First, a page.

Google open sources flash-happy Chrome OS
Uber browser shuns hard drives
Updated It's a big week for Microsoft. Which means Google has made a point of spotlighting a product designed to undercut its Redmond arch rival.
Today, via webcast from its Mountain View headquarters, Google VP of product management Sundar Pichai and Engineering Director Matthew Papakipos unveiled an early version of Chrome OS, the much-discussed browser-based operating system the company first announced this past summer. This initial build has been open-sourced as the Chromium OS, with Pichai saying that outside developers will be able to work hand-in-hand with internal Google coders on the same code tree.
Along with the code, the company has released some user interface experiments and design documents sketching out intentions for future development.
Google also said the OS - "initially" intended for netbooks - would debut "in a year." This summer, the company had said it would arrive in the second half of 2010.
The OS is essentially Google's own Chrome browser running atop a Googlized Linux. Pichai said that only browser-based applications would run on the OS. Local applications are not permitted. Likewise, he said, all user data will be stored "in the cloud," meaning on web services provided by Google and others.
But Pichai said that users would be able to cache data - at least Google-stored data - locally.
The OS is designed to boot uber-quickly, and the company demonstrated a 7 second boot-time on a netbook during its webcast. The OS boots entirely from flash-based devices - not traditional spinning hard drive media.
Though Pichai said he expected it to change over the next year of development, he also demoed the operating system's current user interface. The, yes, browser-like interface uses tabs to juggle web-based applications. This isn't that different from what you'd expect from today's browser, but there are also new, in-browser window panes that pop up to display certain applications and media.
Each application will be run its own security sandbox, and Google says that every time the OS boots it verifies the integrity of its own code.
Chrome OS is designed to run on both x86 and ARM chips, and Google is working with multiple partners on commercial devices, including Acer, Asus, Freescale, Hewlett-Packard, Lenovo, Qualcomm, Texas Instruments, and Toshiba. Google has very specific ideas on how these machines will be designed. As said, the OS does not support hard drives, and Pichai said there would be other hardware restrictions as well. For instance, he said Google would only support certain wireless cards.
Pichai declined to say how much Chrome OS devices would cost. But he said prices would be not unlike "what computer buyers expect today."
Pichai confirmed that Google is "focused" on getting the OS onto netbooks, but other devices are a possibility. He also said that he expected that initial devices will be "second machines" for most buyers, meaning Chrome OS netbooks are not intended to replace current full-equipped PCs. ®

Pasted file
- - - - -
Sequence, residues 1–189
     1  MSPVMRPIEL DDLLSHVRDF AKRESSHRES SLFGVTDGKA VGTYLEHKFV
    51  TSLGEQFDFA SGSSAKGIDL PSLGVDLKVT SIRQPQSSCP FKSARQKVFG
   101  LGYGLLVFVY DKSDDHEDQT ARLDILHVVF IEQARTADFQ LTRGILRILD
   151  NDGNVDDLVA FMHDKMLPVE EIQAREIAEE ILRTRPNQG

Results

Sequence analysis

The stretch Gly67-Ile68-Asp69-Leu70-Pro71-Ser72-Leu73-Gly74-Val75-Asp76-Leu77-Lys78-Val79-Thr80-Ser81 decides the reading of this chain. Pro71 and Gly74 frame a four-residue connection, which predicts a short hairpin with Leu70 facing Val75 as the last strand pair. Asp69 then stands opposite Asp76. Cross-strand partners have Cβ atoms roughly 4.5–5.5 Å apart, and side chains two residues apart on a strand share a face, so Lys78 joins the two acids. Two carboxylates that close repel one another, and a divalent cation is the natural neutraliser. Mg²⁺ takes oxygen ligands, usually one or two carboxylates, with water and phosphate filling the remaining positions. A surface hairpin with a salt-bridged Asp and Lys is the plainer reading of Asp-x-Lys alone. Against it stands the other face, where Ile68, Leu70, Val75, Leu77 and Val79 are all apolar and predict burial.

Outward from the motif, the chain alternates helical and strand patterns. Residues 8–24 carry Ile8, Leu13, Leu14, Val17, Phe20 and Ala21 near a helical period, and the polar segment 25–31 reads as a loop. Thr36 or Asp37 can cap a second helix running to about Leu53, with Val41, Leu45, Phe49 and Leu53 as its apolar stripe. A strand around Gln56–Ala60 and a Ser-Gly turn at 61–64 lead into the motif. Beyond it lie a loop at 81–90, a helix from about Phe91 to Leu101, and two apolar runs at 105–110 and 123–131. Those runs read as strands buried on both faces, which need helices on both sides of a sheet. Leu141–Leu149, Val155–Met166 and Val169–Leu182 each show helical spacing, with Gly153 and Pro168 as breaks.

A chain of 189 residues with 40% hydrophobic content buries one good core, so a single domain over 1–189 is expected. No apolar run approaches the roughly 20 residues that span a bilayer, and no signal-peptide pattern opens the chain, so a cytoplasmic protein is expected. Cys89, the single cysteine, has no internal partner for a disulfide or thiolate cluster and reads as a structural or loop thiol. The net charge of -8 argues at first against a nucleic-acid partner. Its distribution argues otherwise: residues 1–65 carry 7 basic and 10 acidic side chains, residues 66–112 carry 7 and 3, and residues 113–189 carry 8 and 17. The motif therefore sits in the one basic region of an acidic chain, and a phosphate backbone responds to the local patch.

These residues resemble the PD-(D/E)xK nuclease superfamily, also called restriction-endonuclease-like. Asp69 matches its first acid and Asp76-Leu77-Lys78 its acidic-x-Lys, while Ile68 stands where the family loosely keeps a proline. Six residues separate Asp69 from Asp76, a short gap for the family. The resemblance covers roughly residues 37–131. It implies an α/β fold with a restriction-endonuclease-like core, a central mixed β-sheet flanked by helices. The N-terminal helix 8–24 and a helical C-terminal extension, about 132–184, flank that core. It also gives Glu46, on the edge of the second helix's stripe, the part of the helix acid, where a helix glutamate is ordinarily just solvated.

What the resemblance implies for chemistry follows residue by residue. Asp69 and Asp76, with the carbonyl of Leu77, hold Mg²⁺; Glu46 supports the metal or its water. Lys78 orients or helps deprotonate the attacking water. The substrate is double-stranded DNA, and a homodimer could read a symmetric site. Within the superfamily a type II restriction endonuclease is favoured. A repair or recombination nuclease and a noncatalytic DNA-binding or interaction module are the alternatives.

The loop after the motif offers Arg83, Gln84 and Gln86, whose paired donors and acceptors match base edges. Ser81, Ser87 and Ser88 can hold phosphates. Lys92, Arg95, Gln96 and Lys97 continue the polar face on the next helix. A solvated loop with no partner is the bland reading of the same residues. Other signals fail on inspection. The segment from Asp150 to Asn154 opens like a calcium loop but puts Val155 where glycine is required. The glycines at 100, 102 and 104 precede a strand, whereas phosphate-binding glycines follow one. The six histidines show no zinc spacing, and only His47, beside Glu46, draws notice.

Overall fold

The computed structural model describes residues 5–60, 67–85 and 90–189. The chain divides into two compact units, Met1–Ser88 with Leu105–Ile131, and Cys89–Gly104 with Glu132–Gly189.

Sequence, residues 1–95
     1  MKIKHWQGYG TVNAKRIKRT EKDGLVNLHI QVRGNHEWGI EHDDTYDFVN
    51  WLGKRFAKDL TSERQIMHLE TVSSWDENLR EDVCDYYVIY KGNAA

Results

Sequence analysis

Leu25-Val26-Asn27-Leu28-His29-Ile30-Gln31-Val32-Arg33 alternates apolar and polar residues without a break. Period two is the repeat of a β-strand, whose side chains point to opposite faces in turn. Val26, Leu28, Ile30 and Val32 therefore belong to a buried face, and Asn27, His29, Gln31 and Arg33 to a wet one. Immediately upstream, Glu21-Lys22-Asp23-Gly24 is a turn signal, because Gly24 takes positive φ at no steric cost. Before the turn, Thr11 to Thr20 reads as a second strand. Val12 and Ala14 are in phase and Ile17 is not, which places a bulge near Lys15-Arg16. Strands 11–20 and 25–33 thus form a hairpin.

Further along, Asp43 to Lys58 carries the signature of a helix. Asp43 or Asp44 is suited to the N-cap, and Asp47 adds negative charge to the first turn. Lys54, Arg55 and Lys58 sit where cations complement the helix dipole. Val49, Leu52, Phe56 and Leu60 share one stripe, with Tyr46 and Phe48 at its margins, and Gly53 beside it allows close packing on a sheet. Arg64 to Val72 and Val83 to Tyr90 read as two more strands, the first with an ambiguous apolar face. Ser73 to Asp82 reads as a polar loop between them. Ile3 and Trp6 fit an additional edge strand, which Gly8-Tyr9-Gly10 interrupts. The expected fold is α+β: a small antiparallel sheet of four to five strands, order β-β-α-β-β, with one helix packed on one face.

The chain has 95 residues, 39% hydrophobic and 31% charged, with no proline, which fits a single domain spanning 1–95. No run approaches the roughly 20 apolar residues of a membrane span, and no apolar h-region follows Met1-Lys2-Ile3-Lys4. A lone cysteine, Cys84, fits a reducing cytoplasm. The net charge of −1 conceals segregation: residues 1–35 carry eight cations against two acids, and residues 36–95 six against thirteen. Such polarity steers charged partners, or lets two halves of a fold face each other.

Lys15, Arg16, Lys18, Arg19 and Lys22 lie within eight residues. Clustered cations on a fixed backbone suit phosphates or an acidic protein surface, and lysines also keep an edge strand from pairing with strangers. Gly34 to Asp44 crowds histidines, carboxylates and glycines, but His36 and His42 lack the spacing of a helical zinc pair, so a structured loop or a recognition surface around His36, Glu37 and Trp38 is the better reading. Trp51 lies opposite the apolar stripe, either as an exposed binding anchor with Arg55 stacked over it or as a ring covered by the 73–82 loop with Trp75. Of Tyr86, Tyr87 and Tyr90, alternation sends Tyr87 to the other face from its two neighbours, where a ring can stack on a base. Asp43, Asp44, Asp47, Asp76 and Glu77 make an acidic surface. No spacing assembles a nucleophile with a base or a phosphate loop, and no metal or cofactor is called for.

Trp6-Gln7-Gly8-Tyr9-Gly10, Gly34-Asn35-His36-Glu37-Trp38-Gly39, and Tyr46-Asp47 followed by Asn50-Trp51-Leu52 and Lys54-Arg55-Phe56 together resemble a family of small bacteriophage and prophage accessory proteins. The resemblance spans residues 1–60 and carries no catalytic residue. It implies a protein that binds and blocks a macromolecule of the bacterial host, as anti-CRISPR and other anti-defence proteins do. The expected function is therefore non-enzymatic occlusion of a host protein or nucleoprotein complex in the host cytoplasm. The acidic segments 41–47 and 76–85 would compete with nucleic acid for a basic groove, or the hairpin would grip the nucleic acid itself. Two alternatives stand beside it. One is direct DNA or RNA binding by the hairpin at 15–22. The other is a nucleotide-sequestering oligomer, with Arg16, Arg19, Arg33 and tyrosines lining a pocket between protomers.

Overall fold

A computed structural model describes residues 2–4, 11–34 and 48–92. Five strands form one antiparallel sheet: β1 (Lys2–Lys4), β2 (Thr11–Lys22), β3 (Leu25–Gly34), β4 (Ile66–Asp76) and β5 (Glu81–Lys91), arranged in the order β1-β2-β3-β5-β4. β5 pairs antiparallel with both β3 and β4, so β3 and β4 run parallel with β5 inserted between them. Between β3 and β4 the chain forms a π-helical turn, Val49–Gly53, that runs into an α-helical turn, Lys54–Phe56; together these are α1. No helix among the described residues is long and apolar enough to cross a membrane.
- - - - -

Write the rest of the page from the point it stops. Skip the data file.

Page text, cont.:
Update: This story was updated after its original posting with additional comments from Google's webcast. And it was later updated to clarify that the OS will run on both x86 and ARM chips.
It'll never last
We still don't have the capacity for this sort of always-connected computer use. Many people currently using netbooks access the web with pay-as-you-go 3G dongles or other accounts with bandwidth limits, and I doubt they're going to want to use a system that relies on storing all your data online and burns through your allowance in days. And that's without mentioning the speed/coverage of O2 3G, the limited availability or speed of much public Wifi, etc.
Also, as mentioned, there is a need for local applications. It doesn't seem clear whether it'll let you play MP3s or video locally. Maybe it'll have a local application that lets you play a few audio formats in a tied-down built-in audio player, but that's no substitute for Linux or Windows which can install unlimited codecs and different media players. People will also want to connect digital cameras etc which will require drivers running on the computer. Businesses may want to install applications for data security, account management, etc on the netbook.
It's instructive that the iPhone was originally supposed to support browser applications only, but Apple gave up on that, and Android was meant to run everything in a virtual machine, but Google gave up on that and allowed native-code applications. So chances are they'll end up opening the platform to third-party developers (even if said developers don't hack it themselves).
Swapping one problem for another.
As has already been proven "The Cloud" can and will fail, just like local hard drives and web applications will be compromised. So, in essence, you're swapping user-controlled compromised and unstable data for Google-controlled compromised unstable data. I'll stick with the failure-prone and buggy systems I control thanks.
There seems to be a lot of misunderstanding around this. I'd watch some of the youtube videos. There will be 'apps' like a music player...but the apps will work with data on the internet, so 90% of the music played will be streamed (aka spotify and last.fm). You can get pictures off your camera so that you can upload them to the cloud, not run photoshop and organize locally.